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The common thought is that while home studio setups are great for singer/songwriters and doing small demo projects, you need to haul all your drums and percussion gear to a “real” studio for proper recording. As evidenced by the small, yet powerful, Yamaha EAD10, that’s not true at all.
What the EAD10 aims to accomplish is giving the user an easy, affordable way to mic an entire drum kit, add fx, and output that to a DAW in a very seamless manner. In our tests, we purposefully decided to use the unit in a home studio setting to see how well the unit worked without the aid of precision mic setups and a commercial board and engineer on hand. And we must say, the results are striking. For starters, getting up and running is a snap. The main unit just sits next to your kit, and the kick sensor attaches easily to, well…exactly where you’d expect. The menu-based navigation is usually a turn off (we prefer knob-per-function capabilities, especially on things like synths), but this was easy to dig into without being intimidating.▼ Article continues below ▼
The mic/trigger combo just simply works. It works easily. It works well. And it sounds great with little effort. Even if you’ve never mic’d up a kit before, you’ll be getting useful drum tracks in no time, which is the entire purpose. We hate it when manufacturers can’t even deliver on the most basic premise of their gear, but thankfully that’s not the case with the EAD10.
We found best results just using the default settings, and punching in smaller and smaller amounts of some of the onboard reverb and compression fx to round out the overall tone. Seriously, getting a stereo drum track without overhead mics dangling above you and kick mics getting knocked over due to overzealous playing was a welcome relief. To be honest, we left the compressor on for the duration of our testing because it just seemed to glue everything together. Of course, you don’t have to use anything on-board, you can take the raw sound that the unit picks up and shoot that straight into your DAW of choice for later processing and editing. It’s nice to have options and not be locked into one setting.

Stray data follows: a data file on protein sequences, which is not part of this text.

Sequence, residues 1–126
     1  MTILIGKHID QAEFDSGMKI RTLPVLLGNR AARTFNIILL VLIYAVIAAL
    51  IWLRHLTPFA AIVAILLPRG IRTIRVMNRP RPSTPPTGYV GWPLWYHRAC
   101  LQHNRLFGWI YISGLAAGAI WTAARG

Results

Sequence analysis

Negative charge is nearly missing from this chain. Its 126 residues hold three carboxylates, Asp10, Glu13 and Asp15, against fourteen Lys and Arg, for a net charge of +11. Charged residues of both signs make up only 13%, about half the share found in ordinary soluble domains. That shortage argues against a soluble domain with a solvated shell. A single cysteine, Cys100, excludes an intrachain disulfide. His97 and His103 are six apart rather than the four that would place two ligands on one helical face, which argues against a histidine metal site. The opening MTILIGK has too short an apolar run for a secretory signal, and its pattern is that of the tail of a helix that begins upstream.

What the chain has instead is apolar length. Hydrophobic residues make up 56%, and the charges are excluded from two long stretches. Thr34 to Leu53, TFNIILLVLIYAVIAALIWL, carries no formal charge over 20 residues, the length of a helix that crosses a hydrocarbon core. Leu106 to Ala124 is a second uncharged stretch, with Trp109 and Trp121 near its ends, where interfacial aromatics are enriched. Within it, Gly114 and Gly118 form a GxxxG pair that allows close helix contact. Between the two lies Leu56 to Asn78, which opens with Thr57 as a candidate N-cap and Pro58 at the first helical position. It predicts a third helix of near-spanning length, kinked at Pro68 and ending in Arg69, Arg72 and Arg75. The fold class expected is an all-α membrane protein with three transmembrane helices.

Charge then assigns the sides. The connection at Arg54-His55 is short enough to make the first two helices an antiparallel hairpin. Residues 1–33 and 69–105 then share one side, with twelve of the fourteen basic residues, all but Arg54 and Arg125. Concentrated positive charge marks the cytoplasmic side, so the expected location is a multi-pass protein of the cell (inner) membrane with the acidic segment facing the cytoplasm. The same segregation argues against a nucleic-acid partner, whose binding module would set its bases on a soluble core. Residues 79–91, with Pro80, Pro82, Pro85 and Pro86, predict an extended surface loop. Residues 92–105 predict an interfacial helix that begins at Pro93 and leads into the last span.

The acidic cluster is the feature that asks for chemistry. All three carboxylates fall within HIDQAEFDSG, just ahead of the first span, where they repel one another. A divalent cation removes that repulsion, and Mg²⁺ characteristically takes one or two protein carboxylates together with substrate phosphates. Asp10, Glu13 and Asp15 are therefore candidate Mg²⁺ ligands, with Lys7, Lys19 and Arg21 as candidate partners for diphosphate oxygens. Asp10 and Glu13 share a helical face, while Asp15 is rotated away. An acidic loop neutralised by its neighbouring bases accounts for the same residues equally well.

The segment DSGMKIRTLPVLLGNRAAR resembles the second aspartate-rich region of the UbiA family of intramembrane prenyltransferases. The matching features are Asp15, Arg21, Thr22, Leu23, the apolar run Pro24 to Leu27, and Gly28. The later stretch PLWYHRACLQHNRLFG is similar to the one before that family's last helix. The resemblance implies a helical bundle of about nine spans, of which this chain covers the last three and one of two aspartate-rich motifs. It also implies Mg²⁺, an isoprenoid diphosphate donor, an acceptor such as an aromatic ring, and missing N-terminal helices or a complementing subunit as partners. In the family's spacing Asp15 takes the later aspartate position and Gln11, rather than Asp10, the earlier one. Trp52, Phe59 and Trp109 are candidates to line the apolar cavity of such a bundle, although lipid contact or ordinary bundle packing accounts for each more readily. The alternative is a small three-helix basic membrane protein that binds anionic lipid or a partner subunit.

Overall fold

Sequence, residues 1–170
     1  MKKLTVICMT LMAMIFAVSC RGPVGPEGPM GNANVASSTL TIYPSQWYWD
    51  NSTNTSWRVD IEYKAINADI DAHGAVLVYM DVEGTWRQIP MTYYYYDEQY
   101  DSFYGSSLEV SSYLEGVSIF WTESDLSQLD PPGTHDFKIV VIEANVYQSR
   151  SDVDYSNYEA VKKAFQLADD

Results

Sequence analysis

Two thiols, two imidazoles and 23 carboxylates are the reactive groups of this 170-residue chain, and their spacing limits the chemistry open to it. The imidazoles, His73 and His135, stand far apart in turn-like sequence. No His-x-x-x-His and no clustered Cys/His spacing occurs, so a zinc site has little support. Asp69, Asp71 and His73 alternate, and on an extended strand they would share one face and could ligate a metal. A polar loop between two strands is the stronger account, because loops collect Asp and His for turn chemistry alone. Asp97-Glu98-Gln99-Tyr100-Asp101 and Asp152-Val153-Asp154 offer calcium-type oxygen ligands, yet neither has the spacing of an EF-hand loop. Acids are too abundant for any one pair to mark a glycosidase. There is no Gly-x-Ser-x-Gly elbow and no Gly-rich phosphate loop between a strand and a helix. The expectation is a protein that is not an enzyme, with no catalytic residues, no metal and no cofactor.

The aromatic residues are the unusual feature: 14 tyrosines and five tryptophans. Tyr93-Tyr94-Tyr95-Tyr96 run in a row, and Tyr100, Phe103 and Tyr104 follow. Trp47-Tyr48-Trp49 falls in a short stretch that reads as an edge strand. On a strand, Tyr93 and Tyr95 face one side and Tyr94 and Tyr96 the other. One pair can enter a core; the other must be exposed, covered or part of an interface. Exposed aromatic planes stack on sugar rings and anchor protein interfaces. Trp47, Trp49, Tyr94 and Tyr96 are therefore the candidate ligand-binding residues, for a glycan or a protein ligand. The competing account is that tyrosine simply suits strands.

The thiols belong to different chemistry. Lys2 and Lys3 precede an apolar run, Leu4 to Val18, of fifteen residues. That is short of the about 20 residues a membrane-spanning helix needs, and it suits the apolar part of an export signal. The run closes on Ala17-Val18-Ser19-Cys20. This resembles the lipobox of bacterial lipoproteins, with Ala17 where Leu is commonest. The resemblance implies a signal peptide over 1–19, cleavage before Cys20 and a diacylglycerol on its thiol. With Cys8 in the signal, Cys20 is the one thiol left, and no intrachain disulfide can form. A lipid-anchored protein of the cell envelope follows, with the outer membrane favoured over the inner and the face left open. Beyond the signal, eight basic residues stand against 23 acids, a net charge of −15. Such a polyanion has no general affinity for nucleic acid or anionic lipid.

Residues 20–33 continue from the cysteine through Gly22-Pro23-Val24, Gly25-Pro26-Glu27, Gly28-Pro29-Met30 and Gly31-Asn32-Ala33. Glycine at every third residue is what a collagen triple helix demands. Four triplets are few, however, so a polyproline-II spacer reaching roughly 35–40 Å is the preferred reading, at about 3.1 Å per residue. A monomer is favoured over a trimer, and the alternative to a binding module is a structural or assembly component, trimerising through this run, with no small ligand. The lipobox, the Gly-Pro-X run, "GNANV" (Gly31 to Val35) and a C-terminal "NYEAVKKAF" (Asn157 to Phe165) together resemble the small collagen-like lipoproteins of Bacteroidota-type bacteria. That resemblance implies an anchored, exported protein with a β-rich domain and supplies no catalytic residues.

One of the nice bonuses that you’ll get with this package is a useful app for your phone that allows you to play back to pre-recorded tracks and clicks, which can make YouTube performance clips a whole lot easier. It’s even got some smart tempo recognition that will come in handy for syncing things up properly.
The bottom line is this unit does what you’d need it to: namely, record a drum kit, in stereo, in CD-quality resolution, without the need for costly commercial studio time and setup headaches. It’s quite a technical achievement, and for bands on a budget who never thought of recording their entire album on their own, including DRUMS, this one’s for you.
The only two things we’d like to see included in the future are a snare trigger (to be fair, this is already available, just not included in the basic package), and perhaps more intuitive MIDI implementation. The unit does send MIDI and audio at the same time, but it’s not easy to find unless you go menu-diving. In fact, we missed it until Yamaha informed us how to set it up. In case you’re curious, here’s how: out of the USB, press Menu/Utility/General then arrow down three pages and select USB to Host/+ key to switch to “Audio and MIDI”.
But for $499, we can’t recommend it highly enough. We just have to be nitpicky, or else we wouldn’t be doing our jobs 🙂
easy to setup, great audio capture, many trigger options, multiple on-board output/DAW options.
DT50S snare trigger not included in basic package, MIDI capabilities are difficult to find in the menu system.